Twenty-Six Indicted in Scheme to Defraud the Deaf

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Washington, DC—Twenty-six suspects in New York, New Jersey, Texas, Florida, Arizona, Nevada, Oregon, Pennsylvania and Maryland have been indicted on charges of defrauding the deaf and hard-of-hearing community.

In a unique investigation that required the help of 20 sign-language interpreters, federal agents uncovered the wide-ranging scheme, which involved the fraudulent use of a Video Relay Service (VRS) system, through which deaf or hard-of-hearing consumers could communicate with hearing people via a sign-language interpreter.

The system allows a deaf person to use a television or computer with a webcam and broadband Internet connection to contact a “communications assistant,” who then places a traditional telephone call to the hearing individual and relays the conversation back and forth between the two parties, using sign language with the VRS user and voice with the called party. The conversation typically flows faster and more easily than using a text-based system such as TTY (teletypewriter) or TDD (telecommunications device for the deaf).

According to an official with the Federal Communications Commission, the indicted suspects, who are owners and employees of seven VRS companies, allegedly falsely billed the government for calls that were purportedly assisting deaf individuals, but which in actuality were not. The government was charged $390 an hour for the service.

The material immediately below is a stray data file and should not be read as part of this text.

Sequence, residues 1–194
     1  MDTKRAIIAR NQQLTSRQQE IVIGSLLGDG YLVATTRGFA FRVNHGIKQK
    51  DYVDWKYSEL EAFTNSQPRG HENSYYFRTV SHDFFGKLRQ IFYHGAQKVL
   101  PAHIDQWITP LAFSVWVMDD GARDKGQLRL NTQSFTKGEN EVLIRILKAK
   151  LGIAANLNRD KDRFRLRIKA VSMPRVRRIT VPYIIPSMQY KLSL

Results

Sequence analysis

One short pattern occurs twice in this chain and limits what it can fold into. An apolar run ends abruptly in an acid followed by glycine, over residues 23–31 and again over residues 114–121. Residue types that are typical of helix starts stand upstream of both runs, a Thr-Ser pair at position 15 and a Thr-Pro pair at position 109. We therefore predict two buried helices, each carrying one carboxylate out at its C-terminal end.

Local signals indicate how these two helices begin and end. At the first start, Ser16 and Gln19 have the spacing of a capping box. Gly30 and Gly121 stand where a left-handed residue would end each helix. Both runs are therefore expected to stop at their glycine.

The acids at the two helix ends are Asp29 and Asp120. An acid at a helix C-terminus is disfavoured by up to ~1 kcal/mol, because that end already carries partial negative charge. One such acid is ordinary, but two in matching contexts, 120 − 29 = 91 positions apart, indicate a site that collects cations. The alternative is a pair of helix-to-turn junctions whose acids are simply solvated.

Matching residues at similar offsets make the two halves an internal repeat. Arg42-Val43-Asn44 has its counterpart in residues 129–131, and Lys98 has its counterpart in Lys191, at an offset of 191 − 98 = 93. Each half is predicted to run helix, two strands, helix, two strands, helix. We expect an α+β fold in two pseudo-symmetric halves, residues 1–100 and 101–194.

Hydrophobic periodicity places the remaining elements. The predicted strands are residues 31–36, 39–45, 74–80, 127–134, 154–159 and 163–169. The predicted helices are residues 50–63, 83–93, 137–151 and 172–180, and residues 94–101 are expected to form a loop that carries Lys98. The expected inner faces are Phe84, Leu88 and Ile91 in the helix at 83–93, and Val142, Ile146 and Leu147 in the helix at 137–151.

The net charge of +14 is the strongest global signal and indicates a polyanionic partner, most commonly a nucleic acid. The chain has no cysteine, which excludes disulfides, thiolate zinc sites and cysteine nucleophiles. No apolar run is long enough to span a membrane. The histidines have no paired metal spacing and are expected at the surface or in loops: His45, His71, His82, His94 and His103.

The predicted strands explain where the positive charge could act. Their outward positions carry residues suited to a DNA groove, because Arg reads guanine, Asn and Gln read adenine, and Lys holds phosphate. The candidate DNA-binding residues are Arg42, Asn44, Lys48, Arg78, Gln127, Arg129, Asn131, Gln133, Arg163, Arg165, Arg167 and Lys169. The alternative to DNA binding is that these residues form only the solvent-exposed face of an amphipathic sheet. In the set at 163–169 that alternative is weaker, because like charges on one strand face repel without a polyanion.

The FCC also said that the total amount billed for the Video Relay Service last year was $55 million. Although they are uncertain of the exact value of the fraudulent calls, they said it could be “tens of millions.”

The seven contractors who are allegedly defrauded the system account for approximately 15 percent of its total business.

Prosecutors have said that they will seek unspecified jail time in addition to forfeiture of the contractors’ business.

The FCC was assisted in the investigation by the FBI and the Postal Inspection Service. The cost of the Video Relay Service is funded through fees paid by telephone consumers.

Assistant attorney general for the Justice Department’s Criminal Division, Lanny Breuer, said in a statement, “The individuals charged in connection with today’s operation are alleged to have stolen tens of millions of dollars from an important government program that is intended to help deaf and hard-of-hearing Americans communicate with hearing persons.”

The companies named in the indictment are located in Rockville, Maryland; Phoenix, Arizona; Austin, Texas; Las Vegas, Nevada; Miami Lakes, Florida; and Huntington Beach, California. One of the firms operates in both New York and New Jersey.

 

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